TL;DR A barbarian suspends any active rage and may not enter a rage while polymorphed via a polymorph spell.
The other evening, in running the D&D 5E adventure Tomb of Annihilation, the players brought forth a raging King Kong. The warlock polymorphed the raging barbarian into a giant ape. We went with the rage continuing for the barbarian; after all we allowed the druid/barbarian to rage in wild shape. But that polymorph ruling festered as I thought through the long-term ramifications – a huge pile of hit points that burn at a far slower rate.
Before we get too far, let’s look at rules:
Rage In battle, you fight with primal ferocity. On your turn, you can enter a rage as a bonus action… Your rage lasts for 1 minute. It ends early if you are knocked unconscious or if your turn ends and you haven’t attacked a hostile creature since your last turn or taken damage since then. You can also end your rage on your turn as a bonus action.
Polymorph The creature is limited in the actions it can perform by the nature of its new form, and it can’t speak, cast spells, or take any other action that requires hands or speech.
That’s a little murky. Rage requires a bonus action to activate, so while polymorphed a character could not start nor deliberately end a Rage. But what about polymorphing someone already raging? Is it important that Enraged is not a game condition, akin to poisoned, restrained, etc?
Let’s look D&D team responses on Twitter.
From Jeremy Crawford, lead rules designer:
Polymorph replaces your game statistics, including class features, with those of the beast. If you’re a barbarian, you lose Rage.https://twitter.com/JeremyECrawford/status/905513072898531330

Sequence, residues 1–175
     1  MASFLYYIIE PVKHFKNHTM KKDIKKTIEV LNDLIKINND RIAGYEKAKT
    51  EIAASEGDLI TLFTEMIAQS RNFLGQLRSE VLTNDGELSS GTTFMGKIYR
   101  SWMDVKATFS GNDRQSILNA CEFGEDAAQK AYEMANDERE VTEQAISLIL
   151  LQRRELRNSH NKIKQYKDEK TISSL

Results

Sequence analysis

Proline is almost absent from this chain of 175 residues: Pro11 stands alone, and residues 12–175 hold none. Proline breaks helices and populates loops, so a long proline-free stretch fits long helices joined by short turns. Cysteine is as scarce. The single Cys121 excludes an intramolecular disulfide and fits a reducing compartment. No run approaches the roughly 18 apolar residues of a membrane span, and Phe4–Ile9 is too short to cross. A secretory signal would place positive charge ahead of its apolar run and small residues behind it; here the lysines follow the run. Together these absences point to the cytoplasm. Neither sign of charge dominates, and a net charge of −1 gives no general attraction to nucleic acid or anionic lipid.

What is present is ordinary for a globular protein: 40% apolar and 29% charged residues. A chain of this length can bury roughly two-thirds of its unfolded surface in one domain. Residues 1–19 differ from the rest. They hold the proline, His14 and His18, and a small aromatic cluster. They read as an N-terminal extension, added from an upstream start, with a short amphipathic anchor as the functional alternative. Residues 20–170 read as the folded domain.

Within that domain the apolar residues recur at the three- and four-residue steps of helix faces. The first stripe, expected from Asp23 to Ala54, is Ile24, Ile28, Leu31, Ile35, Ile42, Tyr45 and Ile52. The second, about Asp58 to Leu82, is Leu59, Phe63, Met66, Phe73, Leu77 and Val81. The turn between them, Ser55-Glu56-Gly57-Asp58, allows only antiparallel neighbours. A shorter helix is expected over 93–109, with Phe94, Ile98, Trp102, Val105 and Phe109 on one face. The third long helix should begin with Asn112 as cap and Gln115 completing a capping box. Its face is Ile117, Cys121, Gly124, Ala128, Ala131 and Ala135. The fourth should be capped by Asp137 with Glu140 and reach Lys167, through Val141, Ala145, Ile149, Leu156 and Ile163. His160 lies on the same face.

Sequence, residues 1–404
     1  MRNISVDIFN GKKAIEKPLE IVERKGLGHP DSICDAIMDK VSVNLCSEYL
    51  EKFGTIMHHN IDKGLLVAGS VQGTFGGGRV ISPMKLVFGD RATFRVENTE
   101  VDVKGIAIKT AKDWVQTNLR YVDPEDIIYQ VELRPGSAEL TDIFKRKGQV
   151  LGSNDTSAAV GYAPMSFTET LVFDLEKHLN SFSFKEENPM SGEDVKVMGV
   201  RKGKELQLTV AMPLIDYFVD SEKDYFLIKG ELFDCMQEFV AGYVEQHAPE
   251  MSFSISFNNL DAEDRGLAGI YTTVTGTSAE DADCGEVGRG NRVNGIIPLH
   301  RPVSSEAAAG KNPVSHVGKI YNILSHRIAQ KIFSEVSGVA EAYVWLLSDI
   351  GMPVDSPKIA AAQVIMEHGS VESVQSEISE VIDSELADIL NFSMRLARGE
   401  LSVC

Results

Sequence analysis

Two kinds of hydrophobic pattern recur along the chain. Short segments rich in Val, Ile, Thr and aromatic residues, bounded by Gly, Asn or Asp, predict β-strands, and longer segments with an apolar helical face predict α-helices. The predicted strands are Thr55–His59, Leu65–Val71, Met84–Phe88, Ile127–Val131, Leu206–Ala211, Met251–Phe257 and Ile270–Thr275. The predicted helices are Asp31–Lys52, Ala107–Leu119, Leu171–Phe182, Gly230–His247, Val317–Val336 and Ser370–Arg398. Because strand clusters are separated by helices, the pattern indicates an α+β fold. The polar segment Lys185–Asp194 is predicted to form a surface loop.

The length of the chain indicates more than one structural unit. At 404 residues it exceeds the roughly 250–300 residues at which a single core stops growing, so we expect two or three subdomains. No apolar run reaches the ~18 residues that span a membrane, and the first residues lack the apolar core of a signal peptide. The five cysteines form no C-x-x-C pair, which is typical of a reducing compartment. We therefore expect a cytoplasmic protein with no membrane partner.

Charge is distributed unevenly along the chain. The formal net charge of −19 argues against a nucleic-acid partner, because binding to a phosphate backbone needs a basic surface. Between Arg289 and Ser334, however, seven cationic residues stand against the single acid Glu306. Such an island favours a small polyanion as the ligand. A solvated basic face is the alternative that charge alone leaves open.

Mike Mearls, co-creator of 5e responded Yes to the following question:
Barbarian rages, get Polymorphed into Giant Ape. Does the character keep the rage on them as a Giant Ape? https://twitter.com/mikemearls/status/899824708027154432
Conflicting answers from two reliable sources. Jeremy Crawford’s response provides deeper transparency into the reasoning, so I’m inclined to lean towards that answer.
I also want to look towards why barbarian/druids can rage and wild shape. For reference, here is the relevant druid wild shape ability.
Druid Wild Shape You retain the benefit of any features from your class, race, or other source and can use them if the new form is physically capable of doing so. However, you can’t use any of your special senses, such as darkvision, unless your new form also has that sense.
Where druid wild shape grants explicit permission to keep the benefit of any features, polymorph does not. Polymorph instead limits the actions you can perform.
My refinement to polymorph is:
The creature loses the benefits of any features from class, race, or other sources and instead can perform actions according to the nature of its new form. It can’t speak, cast spells, or take any other action that requires hands or speech.